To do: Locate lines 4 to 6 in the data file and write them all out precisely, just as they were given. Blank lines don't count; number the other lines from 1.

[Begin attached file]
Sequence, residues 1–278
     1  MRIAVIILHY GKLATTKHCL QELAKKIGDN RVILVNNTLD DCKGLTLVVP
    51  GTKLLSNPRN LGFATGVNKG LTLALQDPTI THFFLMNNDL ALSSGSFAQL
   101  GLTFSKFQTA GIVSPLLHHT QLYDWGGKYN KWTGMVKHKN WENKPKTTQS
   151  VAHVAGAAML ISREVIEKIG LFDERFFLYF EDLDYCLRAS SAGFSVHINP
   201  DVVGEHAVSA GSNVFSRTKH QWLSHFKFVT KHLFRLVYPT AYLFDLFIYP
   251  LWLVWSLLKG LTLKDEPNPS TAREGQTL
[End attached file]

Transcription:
   101  GLTFSKFQTA GIVSPLLHHT QLYDWGGKYN KWTGMVKHKN WENKPKTTQS
   151  VAHVAGAAML ISREVIEKIG LFDERFFLYF EDLDYCLRAS SAGFSVHINP
   201  DVVGEHAVSA GSNVFSRTKH QWLSHFKFVT KHLFRLVYPT AYLFDLFIYP